Fighting Through Failure Part I: James Krause
Since The Ultimate Fighter premiered in 2005, it has always brought ferocious new talents to the forefront of the UFC. From Roy Nelson, to UFC Hall of Famer Forrest Griffin, the cream always tends to rise to the top. But what about those contestants who were eliminated before even entering the house? In this three part story we take a look at three current UFC Fighters who experienced just that.
Part I: James Krause
The eleventh installment of the Ultimate Fighter saw many new changes implemented into the show’s formula. The show would be edited over 13 weeks instead of six, it was the debut of TUF on the FX channel, and it would be the first Ultimate Fighter to showcase live fights. Mixed Martial Artists from all over the world tried out to be a part of this one of a kind program, but only 32 fighters were chosen to get onto the first episode, with one of those men being current Lightweight competitor James Krause.
“This was my fourth or fifth time trying out for The Ultimate Fighter,” recalls Krause.
“So when I got the call that I was on, I was real happy about it. They kept it hush up until a few weeks before and then they called me to confirm it and at the time I couldn’t have been happier.”
After he got the call, the current Blue Springs, Missouri native put his life on hold to put a hundred percent focus into this new opportunity. He quit his job in marketing at a used car lot and put his all into training and readying himself for the challenges ahead. His family and friends were ready to cheer him on and Krause was ecstatic about the next chapter of his MMA story.
Seeing the other 31 fighters on the first episode of TUF didn’t faze Krause, as he took the experience just like any of his other fights. He was cool, calm, collected and had his eyes and ears open to what TUF had in store for him. UFC president Dana White then informed the contestants that there would be exhibition bouts with 16 of the winners making it into The Ultimate Fighter House. Krause was paired with Team Black House fighter Justin Lawrence and the outcome of the fight would change the course of James Krause’s fighting path forever. Krause takes us through his battle with Justin Lawrence:
“I threw a jab and came into shoot and we both dropped levels and his head cracked me right on the jaw and pretty much knocked me out. I don’t really remember anything after that but I was knocked out. It sucked. Especially, how I lost the fight. I had never been knocked out before and it was definitely a freak thing. I watched the fight after the fact and I just got bitter. To me it was a fluke thing that couldn’t happen again if you tried to recreate it and after that I hated the sport. “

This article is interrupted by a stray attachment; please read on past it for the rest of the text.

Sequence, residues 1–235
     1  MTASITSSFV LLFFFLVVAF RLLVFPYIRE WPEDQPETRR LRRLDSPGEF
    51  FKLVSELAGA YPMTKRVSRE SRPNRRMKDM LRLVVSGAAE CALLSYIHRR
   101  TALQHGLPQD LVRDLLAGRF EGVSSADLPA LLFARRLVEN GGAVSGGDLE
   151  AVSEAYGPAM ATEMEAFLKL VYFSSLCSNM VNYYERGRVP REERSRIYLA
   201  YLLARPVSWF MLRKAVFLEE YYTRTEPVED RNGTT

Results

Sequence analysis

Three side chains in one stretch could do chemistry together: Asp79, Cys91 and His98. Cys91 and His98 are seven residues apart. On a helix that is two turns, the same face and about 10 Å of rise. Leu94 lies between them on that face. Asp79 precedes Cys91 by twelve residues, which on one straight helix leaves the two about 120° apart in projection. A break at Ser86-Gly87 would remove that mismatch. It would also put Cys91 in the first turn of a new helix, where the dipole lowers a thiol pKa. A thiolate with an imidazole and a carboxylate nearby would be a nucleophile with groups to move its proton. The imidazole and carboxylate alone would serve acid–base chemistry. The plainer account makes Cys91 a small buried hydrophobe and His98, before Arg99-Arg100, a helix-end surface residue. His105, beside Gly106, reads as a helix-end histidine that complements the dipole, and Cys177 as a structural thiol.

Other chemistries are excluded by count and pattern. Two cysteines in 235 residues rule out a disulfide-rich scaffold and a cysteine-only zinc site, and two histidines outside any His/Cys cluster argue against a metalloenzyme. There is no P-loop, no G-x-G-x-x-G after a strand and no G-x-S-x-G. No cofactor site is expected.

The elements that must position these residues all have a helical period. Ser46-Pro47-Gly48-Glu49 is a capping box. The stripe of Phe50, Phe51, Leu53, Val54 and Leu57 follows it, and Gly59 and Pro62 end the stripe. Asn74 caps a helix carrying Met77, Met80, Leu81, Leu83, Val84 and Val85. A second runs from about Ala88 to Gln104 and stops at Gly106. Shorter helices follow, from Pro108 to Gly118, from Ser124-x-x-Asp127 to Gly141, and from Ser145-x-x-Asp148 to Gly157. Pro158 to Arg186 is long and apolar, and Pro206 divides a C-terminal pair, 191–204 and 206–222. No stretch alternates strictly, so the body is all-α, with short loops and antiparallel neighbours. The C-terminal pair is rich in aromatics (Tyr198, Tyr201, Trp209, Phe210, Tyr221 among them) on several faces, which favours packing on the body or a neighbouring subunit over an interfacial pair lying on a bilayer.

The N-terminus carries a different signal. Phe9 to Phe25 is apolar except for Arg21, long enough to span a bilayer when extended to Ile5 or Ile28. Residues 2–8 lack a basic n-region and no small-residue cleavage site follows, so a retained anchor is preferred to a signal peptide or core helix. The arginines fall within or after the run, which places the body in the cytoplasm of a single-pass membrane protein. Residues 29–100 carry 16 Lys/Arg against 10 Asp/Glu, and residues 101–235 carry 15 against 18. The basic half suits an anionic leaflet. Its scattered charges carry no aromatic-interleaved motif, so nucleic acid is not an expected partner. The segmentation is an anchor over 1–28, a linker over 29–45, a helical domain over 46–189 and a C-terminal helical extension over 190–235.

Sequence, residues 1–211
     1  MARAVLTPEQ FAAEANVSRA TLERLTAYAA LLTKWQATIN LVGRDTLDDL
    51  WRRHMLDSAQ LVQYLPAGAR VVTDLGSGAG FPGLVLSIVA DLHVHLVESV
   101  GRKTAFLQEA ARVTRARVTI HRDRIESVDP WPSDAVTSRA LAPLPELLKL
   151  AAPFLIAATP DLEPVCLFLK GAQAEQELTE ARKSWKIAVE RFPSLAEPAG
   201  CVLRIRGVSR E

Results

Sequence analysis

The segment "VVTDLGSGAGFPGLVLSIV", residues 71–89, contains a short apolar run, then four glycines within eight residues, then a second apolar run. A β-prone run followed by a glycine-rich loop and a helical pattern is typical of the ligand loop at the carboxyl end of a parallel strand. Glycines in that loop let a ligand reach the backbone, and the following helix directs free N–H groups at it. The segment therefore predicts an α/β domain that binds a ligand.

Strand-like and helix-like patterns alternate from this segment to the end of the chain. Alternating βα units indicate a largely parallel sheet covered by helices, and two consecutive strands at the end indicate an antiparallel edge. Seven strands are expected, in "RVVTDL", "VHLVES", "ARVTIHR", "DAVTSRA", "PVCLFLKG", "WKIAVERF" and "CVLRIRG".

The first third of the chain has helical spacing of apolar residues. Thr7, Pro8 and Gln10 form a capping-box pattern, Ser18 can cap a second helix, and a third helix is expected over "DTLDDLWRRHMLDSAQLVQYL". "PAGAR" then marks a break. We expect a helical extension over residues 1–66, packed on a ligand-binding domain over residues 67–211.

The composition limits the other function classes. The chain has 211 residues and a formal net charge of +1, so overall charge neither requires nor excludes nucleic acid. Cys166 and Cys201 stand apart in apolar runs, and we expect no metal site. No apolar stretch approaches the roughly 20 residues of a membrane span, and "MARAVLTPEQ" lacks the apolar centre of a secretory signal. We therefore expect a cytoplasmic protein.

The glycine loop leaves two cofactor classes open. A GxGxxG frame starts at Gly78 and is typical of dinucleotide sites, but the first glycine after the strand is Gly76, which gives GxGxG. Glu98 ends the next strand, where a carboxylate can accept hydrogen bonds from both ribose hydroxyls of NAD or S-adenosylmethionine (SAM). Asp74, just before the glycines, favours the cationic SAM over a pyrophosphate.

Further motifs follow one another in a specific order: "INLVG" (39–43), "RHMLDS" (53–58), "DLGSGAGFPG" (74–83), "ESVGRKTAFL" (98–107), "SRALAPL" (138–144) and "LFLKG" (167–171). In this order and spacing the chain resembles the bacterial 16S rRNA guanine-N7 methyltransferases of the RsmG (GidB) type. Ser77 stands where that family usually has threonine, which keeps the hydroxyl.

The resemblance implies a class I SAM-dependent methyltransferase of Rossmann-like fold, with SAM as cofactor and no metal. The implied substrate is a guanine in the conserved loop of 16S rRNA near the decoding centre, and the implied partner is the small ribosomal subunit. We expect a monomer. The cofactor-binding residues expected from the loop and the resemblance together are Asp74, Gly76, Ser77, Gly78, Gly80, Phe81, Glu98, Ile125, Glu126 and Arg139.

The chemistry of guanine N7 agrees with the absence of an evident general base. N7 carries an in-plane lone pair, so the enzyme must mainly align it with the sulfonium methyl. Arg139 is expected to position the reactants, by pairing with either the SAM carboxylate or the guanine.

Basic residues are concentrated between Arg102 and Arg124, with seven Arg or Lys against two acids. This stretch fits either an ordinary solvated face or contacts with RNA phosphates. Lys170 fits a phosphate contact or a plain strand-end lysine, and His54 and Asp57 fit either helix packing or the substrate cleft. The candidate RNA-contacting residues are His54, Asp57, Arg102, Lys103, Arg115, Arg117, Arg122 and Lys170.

> Read Part II: Costas Philippou
> Read Part II: Costas Philippou
The loss shook the confidence of Krause who stopped training MMA entirely... at least temporarily. He went back to a 9-5 job and just took the time to reflect on his Ultimate Fighter experience and heal his physical and mental wounds. After two weeks of frustration Krause now had something to fuel his desire to fight for the UFC and making sure that his elimination from The Ultimate Fighter was the last thing people think about when discussing James Krause. A new Krause would emerge from the rubble.
“After that experience on The Ultimate Fighter, I felt like I was training with purpose. I went into the gym each day to accomplish something,” said Krause. “I trained for a reason, to get better and to get back to where I wanted to be.”
The comeback of James Krause was imminent and his next three fights would end in victory. After submitting his third opponent, his confidence took center stage as he grabbed the microphone and made a call out to UFC matchmaker Joe Silva saying “Joe, give me a call sometime, buddy.” Krause had made a declaration for attention from the UFC and not long after he got the call.
“The UFC had called me previously for other fights that didn’t pan out, but one day I got a text from Joe Silva two days and two weeks out from the fight with Sam Stout and he told me about the opportunity in Winnipeg and I said yes. I took the fight short notice and the deal was done. No hesitation. I was ready, I was in good shape, and I was like, let’s go!”
At UFC 161 Krause’s debut was set and he would be across the Octagon from veteran Sam Stout. With the little time he had to train, Krause went with a game plan and was preparing to try to win the fight by decision. After a back and forth contest between the two, Krause saw his chance to make his mark and attacked Stout with his go to Guillotine Choke. Stout would tap out at the end of the third round and all previous obstacles were in Krause’s rearview mirror. He would obtain Submission of the Night and Fight of the Night honors earning $100,000 in bonuses. The bitter taste of defeat would turn into the sweet taste of victory.
“It was a dream come true. It’s a feeling unlike anything else I’ve ever felt. It’s a sense of accomplishment, something you’ve been working towards for so long and it’s finally happening in front of your face. It was a great feeling.”
> Read Part III: Ryan Jimmo
Krause definitely had people talking about him after his hand was raised and is looking to fight one more time before the end of the year. He has definitely become a fighter to watch in the UFC for the foreseeable future and with his quest to the UFC he is living proof that sometimes setbacks can be a set up for a comeback.